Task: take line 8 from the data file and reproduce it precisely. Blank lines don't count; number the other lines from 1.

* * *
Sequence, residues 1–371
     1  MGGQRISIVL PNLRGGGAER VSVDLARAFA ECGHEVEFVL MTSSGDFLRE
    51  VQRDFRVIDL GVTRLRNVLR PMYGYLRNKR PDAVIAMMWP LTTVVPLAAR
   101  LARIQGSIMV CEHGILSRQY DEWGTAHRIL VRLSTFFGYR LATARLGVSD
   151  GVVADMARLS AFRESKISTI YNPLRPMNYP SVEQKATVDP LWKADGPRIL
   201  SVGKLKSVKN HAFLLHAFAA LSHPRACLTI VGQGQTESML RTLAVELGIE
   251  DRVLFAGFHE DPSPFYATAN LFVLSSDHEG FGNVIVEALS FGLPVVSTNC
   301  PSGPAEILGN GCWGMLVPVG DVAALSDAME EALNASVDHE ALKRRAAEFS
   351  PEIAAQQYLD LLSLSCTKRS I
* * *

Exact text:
   301  PSGPAEILGN GCWGMLVPVG DVAALSDAME EALNASVDHE ALKRRAAEFS